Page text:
By Nancy Chee, ReSurge volunteer occupational therapist
The most common causes of burn injuries in Nepal include open cooking fires where women catch their scarves on fire, flame burns from hot oils and children who play too close to a pot of water while mom is cooking or just being too curious. Burns can also occur when people sleep too close to fires to stay warm and may accidently pitch or roll onto fires.
One of the most severe burns I have helped treat on this trip is of a 4-month-old infant girl named Astha. She was in a traditional ritual at two months of age for newborns where they are anointed with oil. She was lying on her mother’s lap and keeping warm close to an open fire. Her mother leaned forward and Astha accidently fell into the fire, sustaining severe burns to her face and right hand.
Due to the limited understanding of treatment of acute burns early, she developed the tightness of scars over her face to where her mouth almost completely closed to almost less than a 0.5cm diameter opening. She was limited to getting her nutrition through a small eyedropper and unable to suck.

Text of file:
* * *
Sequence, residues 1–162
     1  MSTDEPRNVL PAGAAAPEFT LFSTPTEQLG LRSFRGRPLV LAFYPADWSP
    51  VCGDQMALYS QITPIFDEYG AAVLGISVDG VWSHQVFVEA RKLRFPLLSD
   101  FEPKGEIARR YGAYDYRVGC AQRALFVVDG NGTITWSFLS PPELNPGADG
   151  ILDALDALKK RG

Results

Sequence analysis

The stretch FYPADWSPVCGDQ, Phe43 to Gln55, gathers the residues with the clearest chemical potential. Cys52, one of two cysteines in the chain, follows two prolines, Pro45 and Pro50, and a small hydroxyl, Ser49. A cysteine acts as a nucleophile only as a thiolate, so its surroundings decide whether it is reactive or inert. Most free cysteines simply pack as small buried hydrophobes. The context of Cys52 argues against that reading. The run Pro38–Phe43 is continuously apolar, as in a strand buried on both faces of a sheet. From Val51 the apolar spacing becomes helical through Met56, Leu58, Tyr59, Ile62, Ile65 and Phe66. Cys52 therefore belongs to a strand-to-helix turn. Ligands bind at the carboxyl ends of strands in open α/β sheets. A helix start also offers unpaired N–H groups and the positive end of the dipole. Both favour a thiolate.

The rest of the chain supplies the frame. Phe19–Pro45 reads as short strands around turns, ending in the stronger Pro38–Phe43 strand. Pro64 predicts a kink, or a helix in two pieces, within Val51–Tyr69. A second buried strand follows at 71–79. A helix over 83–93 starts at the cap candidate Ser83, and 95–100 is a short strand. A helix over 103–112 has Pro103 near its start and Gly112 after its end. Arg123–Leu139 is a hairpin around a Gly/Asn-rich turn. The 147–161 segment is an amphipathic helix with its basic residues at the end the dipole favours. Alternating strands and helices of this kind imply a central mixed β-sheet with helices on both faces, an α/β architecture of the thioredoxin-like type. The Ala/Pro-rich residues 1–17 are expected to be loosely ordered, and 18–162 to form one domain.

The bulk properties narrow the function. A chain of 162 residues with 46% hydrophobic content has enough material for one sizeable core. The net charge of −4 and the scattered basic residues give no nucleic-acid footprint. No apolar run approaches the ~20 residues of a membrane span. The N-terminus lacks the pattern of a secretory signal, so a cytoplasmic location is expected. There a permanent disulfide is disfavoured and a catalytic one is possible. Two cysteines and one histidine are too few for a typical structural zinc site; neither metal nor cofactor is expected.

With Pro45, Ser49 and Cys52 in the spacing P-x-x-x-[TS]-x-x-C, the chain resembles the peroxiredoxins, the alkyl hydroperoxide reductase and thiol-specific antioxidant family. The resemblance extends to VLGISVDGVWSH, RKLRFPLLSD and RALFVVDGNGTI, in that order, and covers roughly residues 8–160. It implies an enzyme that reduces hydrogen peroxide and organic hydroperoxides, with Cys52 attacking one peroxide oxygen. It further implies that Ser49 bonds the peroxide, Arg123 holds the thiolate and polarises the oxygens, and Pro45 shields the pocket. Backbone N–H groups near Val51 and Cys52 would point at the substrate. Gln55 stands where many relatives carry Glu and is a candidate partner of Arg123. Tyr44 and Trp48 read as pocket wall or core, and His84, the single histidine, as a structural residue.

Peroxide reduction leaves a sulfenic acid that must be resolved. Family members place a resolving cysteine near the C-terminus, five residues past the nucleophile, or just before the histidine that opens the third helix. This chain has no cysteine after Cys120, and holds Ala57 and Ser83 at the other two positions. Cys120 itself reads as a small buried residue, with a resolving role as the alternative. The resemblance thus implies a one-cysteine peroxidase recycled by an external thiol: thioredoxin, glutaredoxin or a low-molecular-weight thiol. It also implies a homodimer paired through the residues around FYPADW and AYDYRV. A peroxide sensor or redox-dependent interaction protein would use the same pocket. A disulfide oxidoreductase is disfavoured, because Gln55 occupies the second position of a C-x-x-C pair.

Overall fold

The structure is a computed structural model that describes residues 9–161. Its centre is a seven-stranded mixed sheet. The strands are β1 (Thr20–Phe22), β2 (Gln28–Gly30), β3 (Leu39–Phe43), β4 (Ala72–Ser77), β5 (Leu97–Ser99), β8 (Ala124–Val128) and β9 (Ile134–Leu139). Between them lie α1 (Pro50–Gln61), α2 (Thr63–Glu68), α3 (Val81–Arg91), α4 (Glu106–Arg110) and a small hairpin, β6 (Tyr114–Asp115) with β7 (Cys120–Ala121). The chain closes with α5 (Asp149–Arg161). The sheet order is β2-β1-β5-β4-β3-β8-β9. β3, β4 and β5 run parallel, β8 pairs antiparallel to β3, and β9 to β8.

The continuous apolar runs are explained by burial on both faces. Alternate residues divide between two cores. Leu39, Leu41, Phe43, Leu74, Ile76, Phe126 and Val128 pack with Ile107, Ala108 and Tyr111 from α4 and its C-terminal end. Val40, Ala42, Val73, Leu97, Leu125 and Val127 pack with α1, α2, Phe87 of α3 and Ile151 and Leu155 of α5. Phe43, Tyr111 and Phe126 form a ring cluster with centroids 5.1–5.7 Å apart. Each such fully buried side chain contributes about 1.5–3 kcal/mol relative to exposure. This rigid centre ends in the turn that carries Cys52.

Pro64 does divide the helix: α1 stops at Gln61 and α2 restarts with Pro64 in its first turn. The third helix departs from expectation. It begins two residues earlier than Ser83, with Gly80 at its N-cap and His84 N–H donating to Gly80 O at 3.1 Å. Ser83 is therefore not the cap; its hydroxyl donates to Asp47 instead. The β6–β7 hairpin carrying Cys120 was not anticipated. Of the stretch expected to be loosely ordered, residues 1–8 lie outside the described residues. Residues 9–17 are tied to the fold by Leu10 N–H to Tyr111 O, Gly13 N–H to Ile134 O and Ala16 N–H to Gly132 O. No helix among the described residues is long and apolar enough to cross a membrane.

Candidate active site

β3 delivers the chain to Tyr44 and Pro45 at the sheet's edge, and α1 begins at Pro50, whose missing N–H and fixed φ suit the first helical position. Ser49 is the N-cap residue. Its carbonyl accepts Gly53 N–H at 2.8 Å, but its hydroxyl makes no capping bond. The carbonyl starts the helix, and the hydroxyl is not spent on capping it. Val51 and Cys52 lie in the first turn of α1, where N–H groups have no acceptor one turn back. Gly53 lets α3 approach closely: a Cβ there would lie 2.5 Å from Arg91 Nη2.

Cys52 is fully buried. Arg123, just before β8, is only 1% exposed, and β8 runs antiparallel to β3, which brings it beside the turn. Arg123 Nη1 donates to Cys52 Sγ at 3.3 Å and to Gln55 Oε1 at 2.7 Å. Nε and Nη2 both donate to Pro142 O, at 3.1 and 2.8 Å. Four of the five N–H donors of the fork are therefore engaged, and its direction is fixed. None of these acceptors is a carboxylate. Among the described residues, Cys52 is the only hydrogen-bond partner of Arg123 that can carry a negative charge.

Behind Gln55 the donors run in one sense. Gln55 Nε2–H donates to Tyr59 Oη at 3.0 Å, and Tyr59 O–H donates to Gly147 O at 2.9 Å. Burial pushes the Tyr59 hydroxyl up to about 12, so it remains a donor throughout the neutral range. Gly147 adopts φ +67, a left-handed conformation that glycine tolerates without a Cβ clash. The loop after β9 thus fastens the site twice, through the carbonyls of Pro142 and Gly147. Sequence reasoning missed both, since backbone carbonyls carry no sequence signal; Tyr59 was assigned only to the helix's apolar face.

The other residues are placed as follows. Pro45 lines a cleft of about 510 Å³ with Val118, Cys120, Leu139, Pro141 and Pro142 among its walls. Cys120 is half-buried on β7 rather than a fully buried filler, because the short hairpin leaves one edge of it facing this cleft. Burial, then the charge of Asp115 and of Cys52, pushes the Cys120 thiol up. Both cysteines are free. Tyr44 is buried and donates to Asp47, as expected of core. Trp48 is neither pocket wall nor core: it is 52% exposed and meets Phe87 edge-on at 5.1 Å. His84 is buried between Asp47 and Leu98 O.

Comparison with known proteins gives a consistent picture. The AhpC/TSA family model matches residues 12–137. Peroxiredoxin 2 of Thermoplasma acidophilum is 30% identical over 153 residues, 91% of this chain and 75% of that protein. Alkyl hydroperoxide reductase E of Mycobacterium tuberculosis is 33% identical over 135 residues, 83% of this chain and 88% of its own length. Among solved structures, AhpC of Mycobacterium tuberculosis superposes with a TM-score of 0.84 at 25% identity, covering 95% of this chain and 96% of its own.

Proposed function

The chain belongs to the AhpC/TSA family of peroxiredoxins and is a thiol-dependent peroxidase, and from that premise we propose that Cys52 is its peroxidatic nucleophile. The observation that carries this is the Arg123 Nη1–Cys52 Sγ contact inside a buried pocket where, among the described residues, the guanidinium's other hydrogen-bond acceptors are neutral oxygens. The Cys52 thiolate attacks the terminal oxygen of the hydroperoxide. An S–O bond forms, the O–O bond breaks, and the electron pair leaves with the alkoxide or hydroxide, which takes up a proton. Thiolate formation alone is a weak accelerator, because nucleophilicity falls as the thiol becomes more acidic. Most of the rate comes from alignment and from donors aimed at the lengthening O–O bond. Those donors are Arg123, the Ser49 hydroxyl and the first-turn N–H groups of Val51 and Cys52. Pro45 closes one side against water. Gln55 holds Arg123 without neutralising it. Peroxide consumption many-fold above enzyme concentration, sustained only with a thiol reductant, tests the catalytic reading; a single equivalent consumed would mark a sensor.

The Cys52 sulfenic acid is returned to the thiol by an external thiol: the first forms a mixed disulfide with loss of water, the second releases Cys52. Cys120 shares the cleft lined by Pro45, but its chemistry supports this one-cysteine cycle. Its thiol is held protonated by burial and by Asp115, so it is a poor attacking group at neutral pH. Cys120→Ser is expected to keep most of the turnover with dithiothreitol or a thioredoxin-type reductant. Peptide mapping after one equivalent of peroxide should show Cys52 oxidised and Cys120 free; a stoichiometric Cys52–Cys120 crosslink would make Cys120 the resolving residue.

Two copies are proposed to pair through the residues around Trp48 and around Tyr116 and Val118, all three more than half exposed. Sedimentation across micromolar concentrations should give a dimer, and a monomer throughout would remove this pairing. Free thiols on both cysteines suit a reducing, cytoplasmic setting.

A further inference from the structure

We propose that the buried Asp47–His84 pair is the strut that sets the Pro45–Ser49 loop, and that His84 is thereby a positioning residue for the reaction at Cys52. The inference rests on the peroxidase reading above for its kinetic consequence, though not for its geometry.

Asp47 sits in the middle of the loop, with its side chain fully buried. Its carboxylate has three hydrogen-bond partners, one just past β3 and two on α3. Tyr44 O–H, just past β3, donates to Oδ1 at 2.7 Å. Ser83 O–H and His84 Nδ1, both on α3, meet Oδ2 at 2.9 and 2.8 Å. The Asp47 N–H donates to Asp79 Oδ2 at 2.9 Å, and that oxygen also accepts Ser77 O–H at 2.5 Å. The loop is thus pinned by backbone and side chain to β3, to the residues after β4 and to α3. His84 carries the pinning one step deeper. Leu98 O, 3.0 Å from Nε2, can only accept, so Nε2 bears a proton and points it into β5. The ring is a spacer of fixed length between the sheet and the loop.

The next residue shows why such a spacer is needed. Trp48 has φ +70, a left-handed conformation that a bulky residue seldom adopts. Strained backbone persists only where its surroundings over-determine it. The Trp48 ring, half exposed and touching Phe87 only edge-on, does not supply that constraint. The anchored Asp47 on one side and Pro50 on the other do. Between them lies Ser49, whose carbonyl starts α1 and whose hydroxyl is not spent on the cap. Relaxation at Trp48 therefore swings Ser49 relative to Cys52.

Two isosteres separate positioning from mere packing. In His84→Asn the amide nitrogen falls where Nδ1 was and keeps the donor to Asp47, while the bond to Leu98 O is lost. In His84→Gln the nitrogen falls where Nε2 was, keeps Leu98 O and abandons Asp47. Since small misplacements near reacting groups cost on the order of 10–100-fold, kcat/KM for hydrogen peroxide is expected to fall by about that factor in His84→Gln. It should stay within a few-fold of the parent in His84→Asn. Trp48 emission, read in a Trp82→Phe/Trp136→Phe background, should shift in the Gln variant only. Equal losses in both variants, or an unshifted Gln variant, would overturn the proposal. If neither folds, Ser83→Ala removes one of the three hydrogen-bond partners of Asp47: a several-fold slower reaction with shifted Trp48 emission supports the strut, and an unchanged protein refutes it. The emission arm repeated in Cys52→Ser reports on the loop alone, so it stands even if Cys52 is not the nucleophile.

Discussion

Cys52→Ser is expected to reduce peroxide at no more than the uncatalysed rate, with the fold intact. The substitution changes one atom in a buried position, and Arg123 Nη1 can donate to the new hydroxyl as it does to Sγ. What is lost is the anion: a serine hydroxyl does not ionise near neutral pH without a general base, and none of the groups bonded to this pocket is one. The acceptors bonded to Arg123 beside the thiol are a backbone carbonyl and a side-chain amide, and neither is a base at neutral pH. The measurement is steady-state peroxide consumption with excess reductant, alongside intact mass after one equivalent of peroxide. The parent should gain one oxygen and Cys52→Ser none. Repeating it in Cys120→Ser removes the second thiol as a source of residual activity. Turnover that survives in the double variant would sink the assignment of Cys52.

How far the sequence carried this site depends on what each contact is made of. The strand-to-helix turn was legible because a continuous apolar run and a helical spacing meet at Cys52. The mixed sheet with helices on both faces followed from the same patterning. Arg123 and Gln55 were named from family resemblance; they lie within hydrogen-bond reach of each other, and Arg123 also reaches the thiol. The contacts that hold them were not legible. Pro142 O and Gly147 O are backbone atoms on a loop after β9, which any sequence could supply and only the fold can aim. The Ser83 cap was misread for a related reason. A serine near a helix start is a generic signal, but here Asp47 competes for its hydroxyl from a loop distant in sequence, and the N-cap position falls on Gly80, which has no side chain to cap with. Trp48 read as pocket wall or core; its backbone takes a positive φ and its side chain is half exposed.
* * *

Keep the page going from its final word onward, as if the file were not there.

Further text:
Astha was brought to the burn hospital just before we arrived. The therapist, Mohan, remembered a plastic splint that I had shown him years ago and made one that hooked onto the corners of Astha’s mouth and stretched it apart with a rubber band extended behind her head.
It may look like something from “Silence of the Lambs,” but it worked! Within one day of wearing it, the mouth opening expanded to just larger than 0.5cm. With some suggestions for modification to Mohan, we changed the splint each day and Astha’s mouth opening is almost 1.5 cm.
Her mother is ecstatic to be able to feed her more easily with the eyedropper, and Astha is even sucking now. With her mother’s persistence and dedication, I know Astha will survive and thrive.